Taking a strong interest in what’s going on in the political, social and technological arenas is an essential part of being a good meeting planner.
This is the long-held viewpoint and practice of veteran planner and educator Joan Eisenstodt, who made this the central message of a recent presentation at the New Jersey Chapter of Meeting Professionals International (MPI).
“Open up your thinking. Our industry is so static,” she told attendees, adding that a tendency for planners to not be attuned to what’s going on around them is partly to blame.
“I’m always horrified by the number of people who pay no attention to news. I’m a voracious reader, both on paper and online,” said Eisenstodt, founder of the Washington, D.C.-based consultancy Eisenstodt Associates.
Something to tweet about
Eisenstodt, as anyone who is her Facebook friend or Twitter follower can attest, is also a voracious user of social media.
“I tweet a lot because I have a mission to get people to learn,” she said. “Not only are there so many issues of interest, but these issues have an impact on planners and how they do their jobs. Twitter has become the best source of news.”
While Eisenstodt added that she greatly prefers texting to phone conversations, she acknowledged that many people prefer more interaction. “I have talked to students taking online courses and they hate it. They find it dull. They want to interact with fellow students and teachers.”
Technology is not a threat
When an audience member asked if technology was not a distraction, Eisenstodt responded, “I am distracted by my own thoughts, so it doesn’t matter. However, many meetings are substituting ‘cool’ for substance.
“Hybrid meetings are where we’re going and it’s not a threat. Technology enables us to create communities before, during and after a meeting. In fact, you’re welcome to Tweet and text while I speak.”
Issues at the table
In an effort to generate discussion about issues that affect the industry, Eisenstodt had attendees at each table discuss what those issues might be.
Among those that emerged: the Sunshine Act (which monitors spending by drug and medical device companies) and the Volcker Rule (which imposes new regulation on banks) – both of which, according to attendees at one table, “will kill our industry” or at least “change our business.”
Another table came up with “generational differences” regarding texting and other forms of technological communication replacing verbal conversations.
Standing up for meetings
Eisenstodt commented on the need for the meetings industry to make its case in Washington, D.C., adding that elected officials often do not understand its value.
“It’s ironic about the Obama administration. At the same time they’re promoting travel, they are cutting meeting attendance and budgets,” she said. “We are not getting the support we need to keep meeting face to face.”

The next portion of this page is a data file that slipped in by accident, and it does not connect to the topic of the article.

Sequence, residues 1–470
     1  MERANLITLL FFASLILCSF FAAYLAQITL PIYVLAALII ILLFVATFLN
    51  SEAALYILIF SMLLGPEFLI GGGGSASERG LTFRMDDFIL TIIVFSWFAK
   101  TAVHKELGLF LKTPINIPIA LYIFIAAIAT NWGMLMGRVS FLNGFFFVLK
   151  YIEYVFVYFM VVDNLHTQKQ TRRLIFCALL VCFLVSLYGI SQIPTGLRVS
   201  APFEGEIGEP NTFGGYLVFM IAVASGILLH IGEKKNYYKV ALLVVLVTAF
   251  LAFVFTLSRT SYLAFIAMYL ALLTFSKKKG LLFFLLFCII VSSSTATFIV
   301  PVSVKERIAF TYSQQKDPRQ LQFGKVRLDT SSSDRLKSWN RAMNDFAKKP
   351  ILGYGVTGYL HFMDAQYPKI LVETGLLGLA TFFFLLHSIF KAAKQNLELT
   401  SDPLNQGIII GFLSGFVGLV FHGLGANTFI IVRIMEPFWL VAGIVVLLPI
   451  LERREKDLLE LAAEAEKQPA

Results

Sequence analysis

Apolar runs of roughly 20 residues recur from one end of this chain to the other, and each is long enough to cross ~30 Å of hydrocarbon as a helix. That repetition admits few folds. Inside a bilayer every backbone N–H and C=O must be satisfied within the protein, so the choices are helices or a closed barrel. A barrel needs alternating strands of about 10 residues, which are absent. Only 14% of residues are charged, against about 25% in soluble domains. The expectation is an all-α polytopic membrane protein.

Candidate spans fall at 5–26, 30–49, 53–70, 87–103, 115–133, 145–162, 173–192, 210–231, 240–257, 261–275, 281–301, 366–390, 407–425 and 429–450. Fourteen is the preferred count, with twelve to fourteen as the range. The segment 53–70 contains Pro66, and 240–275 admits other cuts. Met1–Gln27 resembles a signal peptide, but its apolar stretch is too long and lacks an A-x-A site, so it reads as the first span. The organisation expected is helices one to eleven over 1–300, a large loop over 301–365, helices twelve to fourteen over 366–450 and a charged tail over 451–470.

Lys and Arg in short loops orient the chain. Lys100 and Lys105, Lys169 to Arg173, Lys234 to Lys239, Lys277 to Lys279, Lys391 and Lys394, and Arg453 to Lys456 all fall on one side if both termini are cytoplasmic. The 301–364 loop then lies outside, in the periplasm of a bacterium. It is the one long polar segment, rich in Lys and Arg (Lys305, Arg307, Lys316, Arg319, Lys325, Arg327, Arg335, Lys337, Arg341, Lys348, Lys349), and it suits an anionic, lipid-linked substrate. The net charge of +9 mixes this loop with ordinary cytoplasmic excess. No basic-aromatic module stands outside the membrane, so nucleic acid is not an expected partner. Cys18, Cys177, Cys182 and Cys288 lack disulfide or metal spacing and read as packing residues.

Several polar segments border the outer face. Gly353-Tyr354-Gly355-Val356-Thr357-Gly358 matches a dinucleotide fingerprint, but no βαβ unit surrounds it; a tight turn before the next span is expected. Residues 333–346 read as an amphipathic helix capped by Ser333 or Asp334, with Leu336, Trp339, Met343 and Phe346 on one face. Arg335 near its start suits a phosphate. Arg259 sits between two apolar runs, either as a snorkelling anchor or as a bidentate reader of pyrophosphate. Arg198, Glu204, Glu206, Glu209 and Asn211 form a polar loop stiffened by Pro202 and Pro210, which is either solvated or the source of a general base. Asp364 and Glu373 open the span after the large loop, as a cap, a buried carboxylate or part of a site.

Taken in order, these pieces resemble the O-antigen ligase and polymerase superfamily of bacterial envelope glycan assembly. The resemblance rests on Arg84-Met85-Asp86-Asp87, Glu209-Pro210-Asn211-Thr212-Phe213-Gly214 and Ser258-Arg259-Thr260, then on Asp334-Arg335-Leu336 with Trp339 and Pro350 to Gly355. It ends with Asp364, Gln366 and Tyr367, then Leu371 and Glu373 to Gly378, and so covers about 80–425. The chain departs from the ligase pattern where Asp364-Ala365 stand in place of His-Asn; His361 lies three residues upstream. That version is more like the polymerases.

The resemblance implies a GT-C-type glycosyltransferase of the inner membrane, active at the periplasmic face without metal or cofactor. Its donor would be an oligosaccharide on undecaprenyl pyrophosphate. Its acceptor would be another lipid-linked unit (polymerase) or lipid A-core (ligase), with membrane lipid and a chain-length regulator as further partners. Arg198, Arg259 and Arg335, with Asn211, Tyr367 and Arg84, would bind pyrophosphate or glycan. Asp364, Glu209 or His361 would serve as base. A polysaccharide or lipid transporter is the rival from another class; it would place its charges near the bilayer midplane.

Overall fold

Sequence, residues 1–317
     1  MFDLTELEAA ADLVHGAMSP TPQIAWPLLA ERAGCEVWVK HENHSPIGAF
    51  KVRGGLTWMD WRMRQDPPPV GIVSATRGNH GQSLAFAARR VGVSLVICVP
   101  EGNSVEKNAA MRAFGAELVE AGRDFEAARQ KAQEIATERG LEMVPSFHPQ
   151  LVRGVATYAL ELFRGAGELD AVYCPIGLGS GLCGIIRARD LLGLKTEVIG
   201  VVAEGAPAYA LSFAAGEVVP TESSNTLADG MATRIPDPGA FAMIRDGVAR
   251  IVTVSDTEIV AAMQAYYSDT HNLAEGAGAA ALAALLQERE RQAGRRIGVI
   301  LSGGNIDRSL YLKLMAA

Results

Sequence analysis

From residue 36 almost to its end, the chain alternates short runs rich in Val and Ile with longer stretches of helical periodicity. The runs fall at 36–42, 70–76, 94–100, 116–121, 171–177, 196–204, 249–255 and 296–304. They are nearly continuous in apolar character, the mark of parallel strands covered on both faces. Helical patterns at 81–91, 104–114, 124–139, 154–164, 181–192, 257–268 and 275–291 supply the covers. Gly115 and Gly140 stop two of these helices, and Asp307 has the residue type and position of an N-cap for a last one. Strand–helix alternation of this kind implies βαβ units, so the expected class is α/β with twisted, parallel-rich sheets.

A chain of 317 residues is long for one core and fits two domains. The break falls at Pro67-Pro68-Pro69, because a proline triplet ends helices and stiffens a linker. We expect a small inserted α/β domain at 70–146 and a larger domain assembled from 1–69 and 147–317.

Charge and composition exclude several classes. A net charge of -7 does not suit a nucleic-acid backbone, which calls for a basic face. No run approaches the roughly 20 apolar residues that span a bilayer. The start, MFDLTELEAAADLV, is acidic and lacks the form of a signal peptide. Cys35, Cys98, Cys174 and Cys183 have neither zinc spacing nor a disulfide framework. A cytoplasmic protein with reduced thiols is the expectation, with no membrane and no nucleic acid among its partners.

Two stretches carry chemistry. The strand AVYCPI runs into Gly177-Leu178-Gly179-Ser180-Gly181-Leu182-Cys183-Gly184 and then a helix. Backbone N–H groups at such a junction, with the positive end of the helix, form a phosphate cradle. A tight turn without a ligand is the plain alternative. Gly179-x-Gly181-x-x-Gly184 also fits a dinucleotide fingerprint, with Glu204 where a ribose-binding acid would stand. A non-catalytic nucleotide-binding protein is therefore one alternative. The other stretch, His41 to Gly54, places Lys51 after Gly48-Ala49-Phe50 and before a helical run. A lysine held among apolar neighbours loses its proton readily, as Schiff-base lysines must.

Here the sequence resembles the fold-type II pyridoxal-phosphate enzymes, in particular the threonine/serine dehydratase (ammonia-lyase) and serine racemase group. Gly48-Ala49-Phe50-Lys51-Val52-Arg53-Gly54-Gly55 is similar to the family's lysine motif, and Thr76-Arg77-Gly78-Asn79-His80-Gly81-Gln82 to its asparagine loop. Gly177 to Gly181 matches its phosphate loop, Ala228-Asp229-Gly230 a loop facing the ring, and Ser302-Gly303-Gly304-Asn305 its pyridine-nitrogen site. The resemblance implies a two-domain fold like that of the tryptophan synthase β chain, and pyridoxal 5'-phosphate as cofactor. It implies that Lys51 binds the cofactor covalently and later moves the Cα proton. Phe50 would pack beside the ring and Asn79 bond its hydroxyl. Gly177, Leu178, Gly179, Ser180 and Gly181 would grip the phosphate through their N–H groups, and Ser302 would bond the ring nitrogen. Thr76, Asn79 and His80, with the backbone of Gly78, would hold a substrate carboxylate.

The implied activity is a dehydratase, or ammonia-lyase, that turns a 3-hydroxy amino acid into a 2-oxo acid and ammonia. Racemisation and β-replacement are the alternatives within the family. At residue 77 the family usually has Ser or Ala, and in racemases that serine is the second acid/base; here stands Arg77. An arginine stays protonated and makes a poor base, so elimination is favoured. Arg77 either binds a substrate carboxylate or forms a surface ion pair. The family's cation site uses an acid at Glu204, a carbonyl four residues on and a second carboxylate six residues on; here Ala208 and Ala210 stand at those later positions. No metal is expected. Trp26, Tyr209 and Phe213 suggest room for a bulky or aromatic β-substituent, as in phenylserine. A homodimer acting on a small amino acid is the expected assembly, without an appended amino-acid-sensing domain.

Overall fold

She urged the audience to write letters to elected officials to explain the importance of the meetings industry.
“We have not done a good job of putting out the message about how hard meetings are. We show all the pretty pictures of the places we meet, but not the value of what we do.”
A risky business
Eisenstodt also urged the MPI attendees to focus more on risk issues, including having a risk plan in place for each meeting.
“How many planners have a crisis management plan? I review contracts for a living and people don’t read them. They look only at rates, dates and space. We need to be smarter about protecting people. Nobody has a risk plan.”
As an example of a potential crisis, she asked audience members to consider what would happen if a meeting were held in a city where funding to the fire department had been cut.
“Will there be people to evacuate your attendees? These are the things you need to consider as a smart planner – or even a smart supplier,” she said. “Our infrastructure is falling apart while at the same time budgets are being cut.
“The world is fragile and I’m afraid for the future. That’s why we need to pay attention. Because of energy issues, I have heard of hotels charging meetings for electricity. Texas has had such a serious drought that at one point they were not sending water to hotels.”
She also noted that privacy and confidential assets are major issues to be aware of. “In the last few years, hotels have been among the most hacked entities.”
Conducting ethical business
Ethics are another major concern to Eisenstodt who serves as vice chair of the Ethics Committee for the American Society of Association Executives.
“A new code of conduct has been developed as part of the CMP certification,” she noted. “We have seen problems like people acting as planners but also acting as third party bookers who get a cut under the table. We have to talk about these things because we are often seen as takers. We need to do business differently.”
Her summary advice: “Follow the news on Twitter; sign up for Google and Bing alerts; read more; be aware of what’s going on. Be stronger, better and smarter.”